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Acute pancreatitis and the role of histamine-2 receptor antagonists: a meta-analysis of randomized controlled trials of cimetidine

Morimoto, Takeshi; Noguchi, Yoshinori; Sakai, Tatsuya; Shimbo, Takuro; Fukui, Tsuguya

European Journal of Gastroenterology & Hepatology: June 2002 - Volume 14 - Issue 6 - p 679-686
Original Articles: Pancreas

Objectives  Acute pancreatitis is a common disorder. Histamine type-2 receptor antagonists (H2RAs) are frequently used in patients with acute pancreatitis to reduce pancreatic juice secretion. However, most of the studies on this topic have involved only a few patients, demonstrating no beneficial effect but without harm. To clarify this matter, a meta-analysis was conducted to assess the efficacy of H2RAs.

Methods  All randomized controlled trials written in English comparing the effects of H2RAs with those of placebo were retrieved. Clinical outcome data were extracted and the results pooled to yield odds ratios or weighted mean differences. Two investigators reviewed articles independently and reached a consensus.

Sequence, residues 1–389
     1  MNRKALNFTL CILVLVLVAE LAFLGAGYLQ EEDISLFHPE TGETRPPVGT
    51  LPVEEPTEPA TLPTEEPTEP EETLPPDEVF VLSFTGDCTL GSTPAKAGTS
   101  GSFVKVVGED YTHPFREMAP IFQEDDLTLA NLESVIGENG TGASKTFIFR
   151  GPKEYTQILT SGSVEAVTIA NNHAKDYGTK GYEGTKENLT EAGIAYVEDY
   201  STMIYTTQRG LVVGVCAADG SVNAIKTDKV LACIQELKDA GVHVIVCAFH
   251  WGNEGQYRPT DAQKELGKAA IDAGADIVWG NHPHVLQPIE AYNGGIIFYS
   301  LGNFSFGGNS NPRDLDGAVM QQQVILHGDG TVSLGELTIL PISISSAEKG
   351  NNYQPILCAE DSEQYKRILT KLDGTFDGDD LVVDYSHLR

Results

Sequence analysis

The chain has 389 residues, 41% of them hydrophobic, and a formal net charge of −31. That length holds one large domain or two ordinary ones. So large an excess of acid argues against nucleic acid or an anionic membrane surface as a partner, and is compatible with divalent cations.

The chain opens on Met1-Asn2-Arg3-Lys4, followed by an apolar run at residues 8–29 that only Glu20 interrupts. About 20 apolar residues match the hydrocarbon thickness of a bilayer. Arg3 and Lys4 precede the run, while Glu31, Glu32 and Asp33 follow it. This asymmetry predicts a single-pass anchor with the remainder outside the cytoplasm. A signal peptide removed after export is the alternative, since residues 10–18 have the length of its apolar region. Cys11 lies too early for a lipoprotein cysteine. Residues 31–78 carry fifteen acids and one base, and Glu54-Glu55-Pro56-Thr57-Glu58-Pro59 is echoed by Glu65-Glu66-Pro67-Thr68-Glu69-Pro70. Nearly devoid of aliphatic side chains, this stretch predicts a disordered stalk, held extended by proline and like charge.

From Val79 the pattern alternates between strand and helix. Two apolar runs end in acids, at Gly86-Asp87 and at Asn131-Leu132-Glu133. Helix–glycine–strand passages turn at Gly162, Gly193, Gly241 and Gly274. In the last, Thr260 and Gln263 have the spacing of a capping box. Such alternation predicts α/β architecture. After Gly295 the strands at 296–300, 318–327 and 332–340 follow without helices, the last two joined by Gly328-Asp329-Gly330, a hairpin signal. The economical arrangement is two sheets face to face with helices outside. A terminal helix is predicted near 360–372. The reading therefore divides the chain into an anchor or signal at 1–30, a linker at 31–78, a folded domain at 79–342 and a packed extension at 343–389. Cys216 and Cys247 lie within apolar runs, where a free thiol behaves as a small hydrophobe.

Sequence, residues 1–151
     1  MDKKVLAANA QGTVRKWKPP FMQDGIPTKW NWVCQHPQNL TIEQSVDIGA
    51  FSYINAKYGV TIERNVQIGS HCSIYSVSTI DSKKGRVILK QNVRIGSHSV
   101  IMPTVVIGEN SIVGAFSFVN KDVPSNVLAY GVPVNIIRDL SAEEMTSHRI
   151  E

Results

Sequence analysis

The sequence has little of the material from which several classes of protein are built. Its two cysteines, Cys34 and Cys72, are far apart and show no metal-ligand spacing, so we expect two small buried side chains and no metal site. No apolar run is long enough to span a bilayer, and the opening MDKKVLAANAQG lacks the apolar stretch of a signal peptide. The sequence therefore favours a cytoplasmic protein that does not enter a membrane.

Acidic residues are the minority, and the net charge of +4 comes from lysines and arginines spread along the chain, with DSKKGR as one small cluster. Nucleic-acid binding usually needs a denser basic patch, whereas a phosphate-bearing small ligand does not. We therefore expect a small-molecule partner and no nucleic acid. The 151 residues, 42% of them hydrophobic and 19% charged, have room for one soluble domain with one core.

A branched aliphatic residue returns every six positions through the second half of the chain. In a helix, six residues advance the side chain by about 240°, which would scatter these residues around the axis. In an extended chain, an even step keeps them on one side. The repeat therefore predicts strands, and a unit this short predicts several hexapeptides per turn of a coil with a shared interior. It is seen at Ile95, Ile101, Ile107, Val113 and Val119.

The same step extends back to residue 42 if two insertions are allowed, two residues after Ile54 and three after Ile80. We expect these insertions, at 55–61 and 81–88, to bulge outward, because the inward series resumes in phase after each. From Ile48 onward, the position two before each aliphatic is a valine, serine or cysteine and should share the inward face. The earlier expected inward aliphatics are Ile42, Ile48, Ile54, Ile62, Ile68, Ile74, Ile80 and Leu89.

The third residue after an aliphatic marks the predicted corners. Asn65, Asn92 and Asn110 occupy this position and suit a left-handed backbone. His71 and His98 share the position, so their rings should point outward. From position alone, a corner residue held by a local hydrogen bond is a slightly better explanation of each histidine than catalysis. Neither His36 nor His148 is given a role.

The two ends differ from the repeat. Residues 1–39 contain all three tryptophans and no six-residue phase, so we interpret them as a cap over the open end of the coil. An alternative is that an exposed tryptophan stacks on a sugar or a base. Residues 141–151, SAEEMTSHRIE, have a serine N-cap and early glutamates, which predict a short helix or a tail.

Results  A total of 285 patients from five studies were included. Cimetidine was the only H2RA used to treat acute pancreatitis. The pooled odds ratio of complications for H2RAs versus placebo was 1.64 (95% confidence interval [CI] 0.92 to 2.92). A weighted mean difference of duration of pain was 6.96 h (95% CI −2.50 to 16.43 h) in favour of placebo.

Conclusions  Cimetidine is not more effective than placebo in reducing acute pancreatitis-related complications and the duration of pain; rather, the use of cimetidine for acute pancreatitis could be associated with higher rates of complications and pain. Until the results of a large randomized trial show otherwise, H2RAs should not be used in the absence of specific clinical indications.

Department of General Medicine and Clinical Epidemiology, Kyoto University Graduate School of Medicine, Japan

Correspondence to Professor Tsuguya Fukui, MD, MPH, Department of General Medicine and Clinical Epidemiology, Kyoto University Graduate School of Medicine, 54 Kawahara-cho, Shogoin, Sakyo-ku, Kyoto 606-8507, Japan Tel: +81 75 751 4210; fax: +81 75 751 4211; e-mail:

Takeshi Morimoto and this study were supported by St Luke's Life Science Institute, Tokyo, Japan.

Received 18 August 2001

Revised 2 October 2001

Accepted 23 January 2002

© 2002 Lippincott Williams & Wilkins, Inc.